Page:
Cal Shakes’ lukewarm take on Winter’s Tale

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L. Peter Callender (far left), Tyee Tilghman, Margo Hall (center), and Christopher Michael Rivera deal with unexplained jealousy in Cal Shakes’ production of A Winter’s Tale, directed by Patricia McGregor. Below: (from left) Tristan Cunningham, Callender, Aldo Billingslea and Hall celebrate spring in Bohemia. Photos by

On a refreshingly brisk autumn night, California Shakespeare Theater’s A Winter’s Tale aimed to tell a sad story with a happy ending. “A sad story is best for winter,” or so we’re told by a young boy not long for this earth.

Even by Shakespearean standards, this is a strange play, with its jarring shifts in tone, unexplained fits of jealousy, interference by the gods and living statuary. In other words, it’s a director’s dream – here’s a wacky play that needs lots of interpretation and massaging to make it work for a modern audience.

Cal Shakes previously closed the season with A Winter’s Tale in 2002 with a massive production in which the audience moved around to accommodate the shift in action from Sicilia to Bohemia. Director Lisa Peterson hauled out screaming teenagers, a school bus and an all-out rave before audience members headed back into the theater proper for the moving, if fantastical, finale.

This time around, we get a wildly different Tale directed by Patricia McGregor, who returns after the triumph of last season’s Spunk, and her production is only fitfully successful. There’s a half-baked concept here that the story is told by a troupe of traveling actors, but this approach – so beautifully realized in Cal Shakes’ 2008 Pericles – makes little sense when there’s a towering, rotating set piece (by Michael Locher) standing center stage. This troupe certainly doesn’t travel light. The concept really seems more of an excuse to use nine actors to tell this complex story, which only reminds us of the “storytelling” concept before and after intermission and toward the end when there’s a nearly disastrous abridgment of the play that is rapped for our “enjoyment.” And there’s one awkward scene where Tyee Tilghman playing Camillo and Florizel has to be both characters in the same scene, so one of them stays conveniently out of view behind a small travel trailer, while other actors pretend to see him or interact with him.

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Attempts at audience interaction are well intentioned but don’t add much to the experience. At Wednesday night’s performance a lumberjack-looking fellow was pulled out of the audience to stand by the maypole while actors and ribbons whirled around him. Can’t imagine that was a theatergoing highlight for Mr. Bunyan. And pre-show plate spinning and cavorting also lacked the necessary pizzazz, as did the attempt at a sing-along in Act 2, which bombed primarily because the song (with lyrics on a handy program insert) is hard to sing and not remotely catchy.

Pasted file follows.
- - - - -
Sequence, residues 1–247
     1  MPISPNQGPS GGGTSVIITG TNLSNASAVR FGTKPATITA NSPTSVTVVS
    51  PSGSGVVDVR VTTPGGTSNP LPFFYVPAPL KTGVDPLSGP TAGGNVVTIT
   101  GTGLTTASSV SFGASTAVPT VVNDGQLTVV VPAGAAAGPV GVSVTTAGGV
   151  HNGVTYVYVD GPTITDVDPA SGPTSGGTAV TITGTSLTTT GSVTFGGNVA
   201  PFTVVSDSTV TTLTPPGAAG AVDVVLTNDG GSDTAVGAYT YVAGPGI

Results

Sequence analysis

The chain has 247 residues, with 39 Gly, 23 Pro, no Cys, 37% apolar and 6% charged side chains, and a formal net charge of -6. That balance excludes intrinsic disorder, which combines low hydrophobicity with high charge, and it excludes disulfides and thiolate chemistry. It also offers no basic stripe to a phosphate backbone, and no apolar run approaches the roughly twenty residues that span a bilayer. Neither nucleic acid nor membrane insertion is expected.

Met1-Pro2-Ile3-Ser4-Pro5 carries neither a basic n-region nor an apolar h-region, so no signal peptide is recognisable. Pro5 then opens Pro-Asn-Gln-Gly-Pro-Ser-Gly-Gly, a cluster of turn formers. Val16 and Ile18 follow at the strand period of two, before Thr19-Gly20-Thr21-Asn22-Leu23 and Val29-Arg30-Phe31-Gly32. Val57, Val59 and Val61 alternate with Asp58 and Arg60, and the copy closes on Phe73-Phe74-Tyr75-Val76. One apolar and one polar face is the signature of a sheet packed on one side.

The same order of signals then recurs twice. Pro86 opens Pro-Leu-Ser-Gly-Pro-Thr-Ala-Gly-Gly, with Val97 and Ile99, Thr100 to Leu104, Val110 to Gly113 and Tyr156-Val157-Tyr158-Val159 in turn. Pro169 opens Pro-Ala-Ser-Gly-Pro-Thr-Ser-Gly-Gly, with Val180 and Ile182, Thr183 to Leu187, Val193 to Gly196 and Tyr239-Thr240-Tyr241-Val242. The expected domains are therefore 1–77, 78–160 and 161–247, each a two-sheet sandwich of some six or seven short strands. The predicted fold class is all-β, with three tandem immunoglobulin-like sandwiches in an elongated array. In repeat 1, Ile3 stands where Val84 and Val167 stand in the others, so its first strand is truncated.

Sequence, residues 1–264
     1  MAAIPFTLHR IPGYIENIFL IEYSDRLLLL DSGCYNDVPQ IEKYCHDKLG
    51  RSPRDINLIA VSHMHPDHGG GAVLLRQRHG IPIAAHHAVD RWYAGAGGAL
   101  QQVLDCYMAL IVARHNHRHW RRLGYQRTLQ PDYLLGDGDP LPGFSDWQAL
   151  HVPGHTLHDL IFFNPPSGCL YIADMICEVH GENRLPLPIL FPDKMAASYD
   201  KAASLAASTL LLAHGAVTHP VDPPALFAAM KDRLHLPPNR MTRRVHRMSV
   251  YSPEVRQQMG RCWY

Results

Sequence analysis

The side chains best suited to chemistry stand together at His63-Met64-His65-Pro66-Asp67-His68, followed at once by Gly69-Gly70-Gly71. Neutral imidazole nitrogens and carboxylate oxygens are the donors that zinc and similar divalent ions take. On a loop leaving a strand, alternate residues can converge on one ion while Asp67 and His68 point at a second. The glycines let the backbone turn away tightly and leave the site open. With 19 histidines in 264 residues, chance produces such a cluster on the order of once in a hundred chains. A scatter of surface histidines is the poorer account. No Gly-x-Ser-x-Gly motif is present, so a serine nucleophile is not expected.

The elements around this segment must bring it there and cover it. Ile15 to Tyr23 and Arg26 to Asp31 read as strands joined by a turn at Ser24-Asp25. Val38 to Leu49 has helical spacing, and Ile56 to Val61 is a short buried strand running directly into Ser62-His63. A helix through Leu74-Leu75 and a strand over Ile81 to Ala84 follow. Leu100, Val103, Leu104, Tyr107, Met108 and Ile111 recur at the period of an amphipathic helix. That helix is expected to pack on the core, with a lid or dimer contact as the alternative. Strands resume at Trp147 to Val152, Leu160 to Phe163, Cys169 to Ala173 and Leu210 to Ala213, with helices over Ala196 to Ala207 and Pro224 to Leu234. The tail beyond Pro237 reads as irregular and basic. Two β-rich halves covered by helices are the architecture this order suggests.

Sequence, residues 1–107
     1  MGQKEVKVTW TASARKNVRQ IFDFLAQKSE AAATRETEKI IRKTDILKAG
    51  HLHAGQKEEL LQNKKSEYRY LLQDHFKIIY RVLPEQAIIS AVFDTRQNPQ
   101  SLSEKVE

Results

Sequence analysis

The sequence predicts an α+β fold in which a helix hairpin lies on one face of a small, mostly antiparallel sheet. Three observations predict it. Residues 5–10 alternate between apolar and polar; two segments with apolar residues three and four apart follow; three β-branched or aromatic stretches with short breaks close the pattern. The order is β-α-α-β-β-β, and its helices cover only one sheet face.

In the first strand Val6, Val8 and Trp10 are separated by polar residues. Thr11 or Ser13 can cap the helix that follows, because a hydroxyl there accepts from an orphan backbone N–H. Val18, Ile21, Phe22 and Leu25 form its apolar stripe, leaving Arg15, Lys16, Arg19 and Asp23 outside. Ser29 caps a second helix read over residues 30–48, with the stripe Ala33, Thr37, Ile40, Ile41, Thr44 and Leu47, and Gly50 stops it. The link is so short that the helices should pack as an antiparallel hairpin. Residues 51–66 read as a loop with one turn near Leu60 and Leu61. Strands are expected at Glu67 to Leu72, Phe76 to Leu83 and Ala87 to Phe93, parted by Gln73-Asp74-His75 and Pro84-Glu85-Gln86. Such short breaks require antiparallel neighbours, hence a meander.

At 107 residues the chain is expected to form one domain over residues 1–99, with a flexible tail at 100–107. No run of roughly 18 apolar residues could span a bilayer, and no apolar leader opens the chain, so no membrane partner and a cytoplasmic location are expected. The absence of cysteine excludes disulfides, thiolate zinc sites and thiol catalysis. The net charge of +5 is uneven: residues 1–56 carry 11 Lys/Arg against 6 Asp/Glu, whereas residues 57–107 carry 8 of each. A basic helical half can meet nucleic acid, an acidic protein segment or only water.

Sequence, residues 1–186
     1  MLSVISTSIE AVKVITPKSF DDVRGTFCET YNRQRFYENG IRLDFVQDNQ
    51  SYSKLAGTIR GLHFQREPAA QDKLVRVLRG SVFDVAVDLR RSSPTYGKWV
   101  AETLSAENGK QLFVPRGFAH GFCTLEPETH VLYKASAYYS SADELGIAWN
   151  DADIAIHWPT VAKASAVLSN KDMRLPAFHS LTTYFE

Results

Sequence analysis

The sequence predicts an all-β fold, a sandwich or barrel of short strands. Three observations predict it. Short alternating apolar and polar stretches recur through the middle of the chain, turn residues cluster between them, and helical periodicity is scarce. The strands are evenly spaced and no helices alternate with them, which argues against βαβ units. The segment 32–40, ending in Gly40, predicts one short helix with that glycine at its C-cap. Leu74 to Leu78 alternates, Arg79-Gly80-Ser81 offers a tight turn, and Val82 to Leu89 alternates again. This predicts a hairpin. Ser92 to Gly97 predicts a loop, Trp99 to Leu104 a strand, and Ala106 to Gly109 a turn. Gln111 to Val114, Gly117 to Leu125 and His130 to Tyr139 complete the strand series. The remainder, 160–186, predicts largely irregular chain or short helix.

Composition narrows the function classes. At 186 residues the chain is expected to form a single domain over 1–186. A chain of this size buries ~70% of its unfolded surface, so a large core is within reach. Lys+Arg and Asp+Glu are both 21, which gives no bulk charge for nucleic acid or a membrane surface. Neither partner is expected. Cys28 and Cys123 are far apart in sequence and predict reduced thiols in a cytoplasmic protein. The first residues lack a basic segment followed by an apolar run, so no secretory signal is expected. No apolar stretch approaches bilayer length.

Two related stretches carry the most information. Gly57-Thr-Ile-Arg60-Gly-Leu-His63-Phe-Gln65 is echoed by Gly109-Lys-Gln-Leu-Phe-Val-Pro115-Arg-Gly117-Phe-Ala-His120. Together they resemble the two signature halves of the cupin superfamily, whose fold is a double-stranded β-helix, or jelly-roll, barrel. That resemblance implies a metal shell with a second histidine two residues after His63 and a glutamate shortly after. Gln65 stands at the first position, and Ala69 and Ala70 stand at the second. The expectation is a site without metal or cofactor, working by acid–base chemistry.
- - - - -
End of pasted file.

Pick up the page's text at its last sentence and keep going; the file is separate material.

Two things about this production work well: Shakespeare and McGregor’s cast. This may be a weird and wacky play, but Shakespeare knew what he was doing. The master of set up and denouement, Shakespeare spins a lot of plates (more effectively than the actors in the pre-show) but knows just how and when to take each plate down. There’s a certain satisfaction in the storytelling here, even though McGregor’s attempt to speed things up toward the end bleeds any emotion out of the ending, and that’s all Shakespeare.

When you need someone to play an intense king, who swings from wild, unfounded jealousy to soul-deep repentance within just a few scenes, you hire L. Peter Callender, an actor who can make emotional sense out of just about anything (and in a nice twist, he played Polixines in the 2002 production, so he has true insight into the pain his current character is causing). The reasons for King Leontes’ jealousy are never clear – he just decides that his Queen Hermione (Omozé Idehenre) is having an affair (and a child) with visiting King Polixenes (Aldo Billingslea) of Bohemia. After trying to kill Polixenes and then imprisoning his pregnant wife, Leontes is smacked down by a message from the oracle saying he’s a tyrant and has done his wife and friend a horrible wrong. To watch Callender navigate this steep emotional terrain is to watch an actor in full command. We don’t understand Leontes, but we absolutley believe him.

The same is true of Idehenre as Hermione, a regal monarch and loving mother who finds herself the victim of her husband’s temporary insanity. Shackled in a courtroom, pleading (with dignity) for her life, Idehenre’s Hermione is a vision of grace and strength coming from deep pain.

In supporting roles, Billingslea and Margo Hall provide exactly the kind of support you want here – serious when it needs to be (Billingslea’s wronged Polixenes, Hall as the protective Paulina) and lighter when called for (Hall as a Bohemian clown, Billingslea as the famous exiting bear).

While this production focuses on the more tragic parts of the play in its first half, all’s well that begins well. The actors are excellent and the story theater gimmick is kept at bay. Once the story zips forward 16 years and shifts to Bohemia, the tone wobbles and director McGregor loses control of the emotional through line, in spite of her actors’ best efforts. Here is a Winter’s Tale that chills, heats up and then more or less melts.

California Shakespeare Theater’s A Winter’s Tale continues through Oct. 20 at the Bruns Amphitheater, 100 California Shakespeare Theater Way, Orinda (free shuttle to and from Orinda BART station). Tickets are $20 to $72. Call 510-548-9666 or visit

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